Friday, April 13, 2012

The always interesting Chris Rhatigan

Let's have a conversation with Chris Rhatigan today.  If you're into writing noir, you've heard of Chris.  Both as a writer and as an editor.  Maybe more as the other editor for the anthology of noir stories found in Pulp Ink.  He and his fellow co-conspirator, Nigel Bird,  whipped up this interesting idea  a little while ago and assembled stories . . . stories based off some relevant fact or nuance found in the move, Pulp Fiction.
(You can scroll down in my list of blogs and eventually come to my interview with Nigel as well.  One hell of a coincidence, eh?)

I hear the anthology is selling well and both Chris and Nigel are putting together Pulp Ink 2.  So, yes kiddies . . . . Chris is one interesting writer/editor/entrepreneur.   And on top of that he has some solid, blunt talking opinions about writing, the writing process, and editing.   Of course I had to ask for an interview! 

I mean . . . what the hell!?

(By the way, Chris also edits an ezine called All Due Respect.  You should go over and check it out.  I plan to begin submitting stories veeeeeerrrrrrry shortly!)

1. Writing versus Editing. Since you delve in both venues, which one do you prefer? And tell us why, if you please.
They’re very different, but I guess what you’re asking is if I had to give one up, which one would it be, so I guess I’d give up editing. I don’t like actually writing that much most days (it’s always a struggle to put butt in chair and pound the keys after dealing with 82 eighth graders all day) but I love the final product, putting a story out there that I’m proud of, that only I could have written.
Editing has its own joys as well. Sending out acceptances is fun. Making a writer’s story just a little bit better (when that’s possible) is cool too.

2. As an editor for a noir/genre magazine, what is it in a story you look for the most? What separates a good story from the chaff?
I feel like I’ve answered this question many times and contradicted myself at numerous points.
Anywho, for All Due Respect, I tend to look for three things: strong writing, a plot that works, and atmosphere. The writing has to be smooth—it doesn’t have to be fucking Hemingway or something, but it has to sound good, it has to have some sense of style. The plot doesn’t have to be original, but it has to function. I used to say that I didn’t want to see stories about two people sitting and talking, but I’m not sure if I think that anymore—if you can make that work, go for it, especially if the talk builds tension effectively and leads to something interesting. Lastly, but not leastly, the story should take place in a world the writer’s created. Not Lord of the Rings or some shit like that—but I want to believe that I can walk into the story’s reality, I want the story to be a place where I can have a drink and shoot a round of pool with the characters, even if I know one of the characters is just going to snap the pool in half and stab me to death with it.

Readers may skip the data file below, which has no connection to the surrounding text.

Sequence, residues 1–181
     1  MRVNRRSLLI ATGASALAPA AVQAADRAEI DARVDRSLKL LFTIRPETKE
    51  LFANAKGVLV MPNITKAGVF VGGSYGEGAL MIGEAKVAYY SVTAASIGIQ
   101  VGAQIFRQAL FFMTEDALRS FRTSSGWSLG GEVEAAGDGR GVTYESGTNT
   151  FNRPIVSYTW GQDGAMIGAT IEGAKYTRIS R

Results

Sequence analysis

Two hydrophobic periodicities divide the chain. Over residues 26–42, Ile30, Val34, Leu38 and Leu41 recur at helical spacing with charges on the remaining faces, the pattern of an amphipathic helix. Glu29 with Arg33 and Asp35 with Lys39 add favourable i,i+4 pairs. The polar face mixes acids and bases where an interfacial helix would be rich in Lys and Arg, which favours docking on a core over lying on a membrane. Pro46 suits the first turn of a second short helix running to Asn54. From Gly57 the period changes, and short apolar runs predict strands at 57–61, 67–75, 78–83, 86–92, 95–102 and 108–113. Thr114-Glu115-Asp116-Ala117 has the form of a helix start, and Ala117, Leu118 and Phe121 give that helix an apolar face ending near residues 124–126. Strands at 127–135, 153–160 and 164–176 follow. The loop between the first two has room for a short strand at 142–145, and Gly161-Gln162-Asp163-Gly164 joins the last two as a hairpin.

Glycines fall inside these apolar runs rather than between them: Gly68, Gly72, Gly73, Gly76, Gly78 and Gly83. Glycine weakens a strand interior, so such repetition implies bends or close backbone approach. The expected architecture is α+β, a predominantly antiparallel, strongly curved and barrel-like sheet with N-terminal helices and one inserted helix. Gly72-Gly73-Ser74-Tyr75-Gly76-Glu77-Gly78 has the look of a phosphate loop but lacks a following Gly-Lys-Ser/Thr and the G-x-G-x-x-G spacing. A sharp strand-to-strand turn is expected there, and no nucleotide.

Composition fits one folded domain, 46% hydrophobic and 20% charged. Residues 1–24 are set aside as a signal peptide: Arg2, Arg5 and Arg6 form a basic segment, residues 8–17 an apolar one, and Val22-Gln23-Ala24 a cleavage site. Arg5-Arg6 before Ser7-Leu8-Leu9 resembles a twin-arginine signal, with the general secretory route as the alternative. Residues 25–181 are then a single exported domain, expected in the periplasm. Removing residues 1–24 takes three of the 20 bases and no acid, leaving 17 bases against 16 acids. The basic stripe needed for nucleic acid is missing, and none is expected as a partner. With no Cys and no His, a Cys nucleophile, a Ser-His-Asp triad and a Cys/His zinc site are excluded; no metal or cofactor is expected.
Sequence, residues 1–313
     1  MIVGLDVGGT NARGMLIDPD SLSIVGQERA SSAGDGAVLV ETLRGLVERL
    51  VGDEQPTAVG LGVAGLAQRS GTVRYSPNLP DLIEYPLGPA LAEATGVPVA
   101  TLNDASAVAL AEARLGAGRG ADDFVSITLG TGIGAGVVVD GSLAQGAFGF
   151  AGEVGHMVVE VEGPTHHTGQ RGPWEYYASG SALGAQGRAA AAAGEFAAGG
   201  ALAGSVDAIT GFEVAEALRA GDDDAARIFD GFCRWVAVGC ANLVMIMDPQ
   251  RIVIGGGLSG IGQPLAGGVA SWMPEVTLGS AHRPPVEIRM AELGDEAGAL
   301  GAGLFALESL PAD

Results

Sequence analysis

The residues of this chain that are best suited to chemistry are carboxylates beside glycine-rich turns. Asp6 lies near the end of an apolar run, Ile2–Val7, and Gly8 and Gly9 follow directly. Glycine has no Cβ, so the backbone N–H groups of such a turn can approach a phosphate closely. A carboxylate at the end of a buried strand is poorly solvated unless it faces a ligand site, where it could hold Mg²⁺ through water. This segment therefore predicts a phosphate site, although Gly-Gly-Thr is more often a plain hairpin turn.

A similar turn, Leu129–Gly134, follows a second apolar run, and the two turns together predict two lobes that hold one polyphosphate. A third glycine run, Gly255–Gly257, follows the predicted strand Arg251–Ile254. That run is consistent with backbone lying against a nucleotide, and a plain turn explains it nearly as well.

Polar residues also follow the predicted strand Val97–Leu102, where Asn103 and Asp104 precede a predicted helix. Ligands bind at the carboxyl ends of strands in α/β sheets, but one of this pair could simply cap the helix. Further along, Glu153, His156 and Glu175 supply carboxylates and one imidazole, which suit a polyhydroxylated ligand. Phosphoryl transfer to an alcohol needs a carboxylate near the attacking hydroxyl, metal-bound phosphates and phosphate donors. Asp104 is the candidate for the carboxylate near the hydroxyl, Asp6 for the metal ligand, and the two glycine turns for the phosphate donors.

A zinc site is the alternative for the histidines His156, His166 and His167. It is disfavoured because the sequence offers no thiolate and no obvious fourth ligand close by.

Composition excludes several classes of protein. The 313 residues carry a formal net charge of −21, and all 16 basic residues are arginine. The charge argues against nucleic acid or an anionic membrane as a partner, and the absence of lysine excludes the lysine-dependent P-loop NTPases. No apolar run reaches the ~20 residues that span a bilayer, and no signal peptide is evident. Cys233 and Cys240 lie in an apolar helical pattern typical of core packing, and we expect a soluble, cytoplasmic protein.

And if you don’t want to do any of that, write a bunch of really weird shit and throw in a gun or a set of brass knuckles in somewhere—I’m into that. (I’m not being sarcastic.)

3. Your an American and Nigel Bird is a Brit--yet the two of you collaborate on as editors and anthologists. How did this unique working duo come into existence? What lies in store for you two in the future?
I don’t really think much about Nigel and my different backgrounds. I believe we “met” when I wrote a review of one of his stories a couple of years ago. We have a similar sense of humor and like the same brand of stories, so he let me ride his coattails, which was cool of him. We exchanged emails, talked about doing a project, then we got this weird idea for an anthology based on the soundtrack from Pulp Fiction. It’s called Pulp Ink and it turned out surprisingly well, and if you don’t believe me, you can click here. And if you do believe me, you can click here.
Nigel’s a phenomenal dude and really easy to work with. He did a bang-up job with the cover art and promotion and the editing and all that other shit that needs to get done. Our skill sets complement each other well—I tend to see the details and he sees the big picture.
That’s why we decided to do a second anthology together, creatively titled Pulp Ink 2, this time with crime and horror stories. That should be coming out in the near future. Believe me when I tell you that it will kick ass.
Or don’t.
But it will.

4. Ah . . . staying in the American/British writing scene what are the strengths and the weaknesses observed in each nationality's take on crime/noir? Is there a difference? A different personality?